public appearances. Her position was logical enough—those members of her family who did show had to be showy.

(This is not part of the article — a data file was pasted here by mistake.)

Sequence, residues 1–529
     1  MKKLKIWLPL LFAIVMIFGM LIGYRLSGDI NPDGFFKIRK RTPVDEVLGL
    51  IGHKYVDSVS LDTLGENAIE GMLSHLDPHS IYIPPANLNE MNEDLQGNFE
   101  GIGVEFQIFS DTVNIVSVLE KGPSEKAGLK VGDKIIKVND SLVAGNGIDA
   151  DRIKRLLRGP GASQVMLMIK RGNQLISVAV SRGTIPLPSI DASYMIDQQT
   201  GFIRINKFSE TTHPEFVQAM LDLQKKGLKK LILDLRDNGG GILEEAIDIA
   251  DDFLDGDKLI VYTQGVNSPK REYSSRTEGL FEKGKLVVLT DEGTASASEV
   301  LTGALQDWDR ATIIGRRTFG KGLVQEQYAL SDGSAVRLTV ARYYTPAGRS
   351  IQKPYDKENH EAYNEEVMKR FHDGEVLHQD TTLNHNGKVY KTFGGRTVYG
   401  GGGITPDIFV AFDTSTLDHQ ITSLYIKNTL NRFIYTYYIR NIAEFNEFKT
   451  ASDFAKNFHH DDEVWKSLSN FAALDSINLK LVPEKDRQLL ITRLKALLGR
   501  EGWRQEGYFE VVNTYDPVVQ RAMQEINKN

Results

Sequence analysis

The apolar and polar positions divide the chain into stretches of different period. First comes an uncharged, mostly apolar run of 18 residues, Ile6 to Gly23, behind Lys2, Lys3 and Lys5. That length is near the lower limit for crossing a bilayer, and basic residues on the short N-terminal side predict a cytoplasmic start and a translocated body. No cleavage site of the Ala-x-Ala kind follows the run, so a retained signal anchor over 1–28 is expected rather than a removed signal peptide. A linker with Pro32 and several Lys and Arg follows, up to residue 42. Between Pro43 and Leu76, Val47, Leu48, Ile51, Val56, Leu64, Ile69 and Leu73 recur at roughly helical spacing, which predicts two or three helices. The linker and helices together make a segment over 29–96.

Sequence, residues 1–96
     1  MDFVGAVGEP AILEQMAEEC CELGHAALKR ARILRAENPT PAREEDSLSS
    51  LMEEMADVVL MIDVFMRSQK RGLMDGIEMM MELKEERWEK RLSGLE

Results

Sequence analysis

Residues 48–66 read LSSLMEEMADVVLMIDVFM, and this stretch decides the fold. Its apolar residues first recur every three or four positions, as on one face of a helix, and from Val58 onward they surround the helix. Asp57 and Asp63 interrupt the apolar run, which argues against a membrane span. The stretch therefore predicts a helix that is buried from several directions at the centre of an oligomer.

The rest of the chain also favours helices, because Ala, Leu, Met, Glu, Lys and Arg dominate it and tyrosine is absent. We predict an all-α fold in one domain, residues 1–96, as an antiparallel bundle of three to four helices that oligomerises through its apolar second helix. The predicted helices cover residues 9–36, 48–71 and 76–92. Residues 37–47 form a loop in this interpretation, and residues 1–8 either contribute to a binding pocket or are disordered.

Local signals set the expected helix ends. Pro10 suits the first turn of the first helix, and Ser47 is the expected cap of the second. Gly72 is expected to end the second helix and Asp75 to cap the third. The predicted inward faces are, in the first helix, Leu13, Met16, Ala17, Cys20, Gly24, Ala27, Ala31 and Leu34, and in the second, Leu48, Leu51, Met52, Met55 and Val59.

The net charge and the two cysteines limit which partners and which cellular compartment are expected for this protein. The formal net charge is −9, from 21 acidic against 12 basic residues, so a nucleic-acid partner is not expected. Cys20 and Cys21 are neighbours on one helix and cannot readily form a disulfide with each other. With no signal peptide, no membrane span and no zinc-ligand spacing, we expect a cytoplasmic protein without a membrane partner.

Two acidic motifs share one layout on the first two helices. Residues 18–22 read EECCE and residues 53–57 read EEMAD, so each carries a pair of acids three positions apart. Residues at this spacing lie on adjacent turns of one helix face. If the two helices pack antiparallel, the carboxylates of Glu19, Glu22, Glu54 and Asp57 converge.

During this period and several others Pemberton was quite aware of how he and his comrade might strike people; wandering languidly through the Jardin des Plantes as if they had nowhere to go, sitting, on the winter days, in the galleries of the Louvre, so splendidly ironical to the homeless, as if for the advantage of the colorifère. They joked about it sometimes: it was the sort of joke that was perfectly within the boy's compass. They figured themselves as part of the vast, vague, hand-to-mouth multitude of the enormous city and pretended they were proud of their position in it—it showed them such a lot of life and made them conscious of a sort of democratic brotherhood. If Pemberton could not feel a sympathy in destitution with his small companion (for after all Morgan's fond parents would never have let him really suffer), the boy would at least feel it with him, so it came to the same thing. He used sometimes to wonder what people would think they were—fancy they were looked askance at, as if it might be a suspected case of kidnapping. Morgan wouldn't be taken for a young patrician with a preceptor—he wasn't smart enough; though he might pass for his companion's sickly little brother. Now and then he had a five-franc piece, and except once, when they bought a couple of lovely neckties, one of which he made Pemberton accept, they laid it out scientifically in old books. It was a great day, always spent on the quays, rummaging among the dusty boxes that garnish the parapets. These were occasions that helped them to live, for their books ran low very soon after the beginning of their acquaintance. Pemberton had a good many in England, but he was obliged to write